Intel jump started the FinFET approach with its new 22-nm tri-gate process, but it is not delivering on its promise, asserted an IBM process technology expert. Intel’s Ivy Bridge chips made in the process deliver just 20 percent power reductions compared to 35 percent drops with the former node, said Ghavam Sahidi, a fellow at IBM Research.
“The real numbers are not very impressive, IBM got much better numbers and Intel’s own 45- and 65-nm numbers were better,” he claimed.
Sahidi blamed parasitics that resulted from Intel’s decision to dope the FinFET structures. “If they go down this path to 14 and 10 nm of doping, it gets worse--you have to be un-doped,” Sahidi said.
Thompson of SuVolta agreed. “I think Intel went down a path of un-doped fins, but I think they couldn’t solve their problems, so they went into production with doped fins and sloped horribly,” Thompson claimed. “I think that structure will not give the power or performance people expect and the right thing to do is an un-doped fin,” he said.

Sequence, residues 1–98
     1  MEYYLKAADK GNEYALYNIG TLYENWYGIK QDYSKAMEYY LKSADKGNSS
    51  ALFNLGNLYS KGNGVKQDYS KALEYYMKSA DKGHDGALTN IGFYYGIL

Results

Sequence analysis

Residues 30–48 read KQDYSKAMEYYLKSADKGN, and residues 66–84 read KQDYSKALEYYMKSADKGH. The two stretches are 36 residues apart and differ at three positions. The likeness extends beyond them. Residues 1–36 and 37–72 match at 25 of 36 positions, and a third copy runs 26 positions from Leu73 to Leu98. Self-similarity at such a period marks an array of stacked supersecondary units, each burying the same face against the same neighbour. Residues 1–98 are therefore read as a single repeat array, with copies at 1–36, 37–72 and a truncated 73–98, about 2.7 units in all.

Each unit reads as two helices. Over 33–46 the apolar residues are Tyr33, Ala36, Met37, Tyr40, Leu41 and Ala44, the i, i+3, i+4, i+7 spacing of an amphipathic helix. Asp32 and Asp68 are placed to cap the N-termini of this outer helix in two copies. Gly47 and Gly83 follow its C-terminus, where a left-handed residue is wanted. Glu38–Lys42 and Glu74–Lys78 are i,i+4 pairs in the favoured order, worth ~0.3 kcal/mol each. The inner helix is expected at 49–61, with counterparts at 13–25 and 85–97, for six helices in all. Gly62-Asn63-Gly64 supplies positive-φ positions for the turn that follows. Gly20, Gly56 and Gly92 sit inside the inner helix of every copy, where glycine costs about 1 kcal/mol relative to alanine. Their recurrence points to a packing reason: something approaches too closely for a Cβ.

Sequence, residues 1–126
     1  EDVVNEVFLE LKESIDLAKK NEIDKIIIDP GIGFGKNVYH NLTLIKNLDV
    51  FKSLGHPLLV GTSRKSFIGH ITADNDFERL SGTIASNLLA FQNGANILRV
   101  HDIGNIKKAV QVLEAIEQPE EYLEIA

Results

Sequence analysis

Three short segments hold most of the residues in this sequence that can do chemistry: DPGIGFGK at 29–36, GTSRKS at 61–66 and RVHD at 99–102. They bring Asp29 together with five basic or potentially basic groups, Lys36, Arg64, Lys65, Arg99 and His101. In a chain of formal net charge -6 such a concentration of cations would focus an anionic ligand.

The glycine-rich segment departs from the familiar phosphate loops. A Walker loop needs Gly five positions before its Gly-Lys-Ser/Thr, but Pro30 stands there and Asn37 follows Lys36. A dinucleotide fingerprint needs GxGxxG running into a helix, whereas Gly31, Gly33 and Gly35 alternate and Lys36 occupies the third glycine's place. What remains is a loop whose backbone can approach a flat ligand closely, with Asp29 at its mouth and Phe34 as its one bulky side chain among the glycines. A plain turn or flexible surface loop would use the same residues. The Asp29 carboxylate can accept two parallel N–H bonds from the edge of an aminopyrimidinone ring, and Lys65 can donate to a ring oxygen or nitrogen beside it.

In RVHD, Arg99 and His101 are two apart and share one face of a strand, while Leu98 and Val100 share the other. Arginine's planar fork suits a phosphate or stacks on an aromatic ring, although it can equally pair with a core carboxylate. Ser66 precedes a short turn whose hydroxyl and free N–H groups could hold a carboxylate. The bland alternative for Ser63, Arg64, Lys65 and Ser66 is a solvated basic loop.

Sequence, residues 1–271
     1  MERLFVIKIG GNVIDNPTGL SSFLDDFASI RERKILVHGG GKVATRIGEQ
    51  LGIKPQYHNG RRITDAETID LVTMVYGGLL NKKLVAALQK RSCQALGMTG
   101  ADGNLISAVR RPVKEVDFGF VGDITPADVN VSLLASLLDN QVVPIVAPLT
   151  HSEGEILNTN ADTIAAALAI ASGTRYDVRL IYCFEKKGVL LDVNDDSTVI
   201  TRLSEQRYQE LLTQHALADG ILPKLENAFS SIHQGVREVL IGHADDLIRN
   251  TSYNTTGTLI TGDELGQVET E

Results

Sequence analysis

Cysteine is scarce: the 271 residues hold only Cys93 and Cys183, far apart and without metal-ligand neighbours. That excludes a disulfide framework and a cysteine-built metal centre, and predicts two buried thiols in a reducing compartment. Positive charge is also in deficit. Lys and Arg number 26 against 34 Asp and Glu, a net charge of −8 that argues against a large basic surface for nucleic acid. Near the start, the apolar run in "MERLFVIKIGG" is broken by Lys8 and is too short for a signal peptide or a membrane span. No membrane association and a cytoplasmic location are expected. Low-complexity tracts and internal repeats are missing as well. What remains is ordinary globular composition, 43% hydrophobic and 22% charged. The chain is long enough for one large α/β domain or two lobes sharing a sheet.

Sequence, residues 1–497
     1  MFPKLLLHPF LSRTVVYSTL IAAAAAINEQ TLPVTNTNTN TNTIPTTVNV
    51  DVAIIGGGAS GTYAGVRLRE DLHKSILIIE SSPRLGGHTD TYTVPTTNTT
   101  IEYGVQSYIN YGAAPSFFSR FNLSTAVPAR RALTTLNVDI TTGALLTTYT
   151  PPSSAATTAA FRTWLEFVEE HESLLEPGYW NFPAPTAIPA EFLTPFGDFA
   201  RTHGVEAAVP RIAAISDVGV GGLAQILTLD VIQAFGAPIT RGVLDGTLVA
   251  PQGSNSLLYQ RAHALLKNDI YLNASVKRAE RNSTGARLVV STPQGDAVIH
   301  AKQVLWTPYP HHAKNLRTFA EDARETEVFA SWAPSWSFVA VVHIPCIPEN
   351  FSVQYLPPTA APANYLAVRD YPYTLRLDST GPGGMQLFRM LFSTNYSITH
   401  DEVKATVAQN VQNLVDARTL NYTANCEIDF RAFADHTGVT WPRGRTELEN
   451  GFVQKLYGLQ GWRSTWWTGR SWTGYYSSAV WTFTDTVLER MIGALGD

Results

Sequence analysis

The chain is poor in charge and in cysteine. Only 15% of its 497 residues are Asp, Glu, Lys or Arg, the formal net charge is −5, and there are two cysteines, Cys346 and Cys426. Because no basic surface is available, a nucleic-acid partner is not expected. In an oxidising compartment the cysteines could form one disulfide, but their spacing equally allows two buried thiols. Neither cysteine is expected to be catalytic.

Intel will need un-doped FinFETs to support multiple threshold voltages needed for the analog circuits key to mobile SoCs, Thompson said. He predicted Intel might try such a move at its 14-nm node.
Thompson suggested only high performance processors and FPGAs will need FinFETs. The growing class of mobile chips will be served by planar 28 nm or older processes. “We are leaving a big chunk of market behind,” he said.
Others disagreed. “FinFETs will last a long time, and I certainly expect the next generation to be better than the current one,” said Chenming Hu, a professor at the University of California at Berkeley and a former chief technologist at TSMC. “I would not say FinFETs will go to the end [of CMOS scaling] because a better way is to think of using many building blocks--it doesn’t have to be one."
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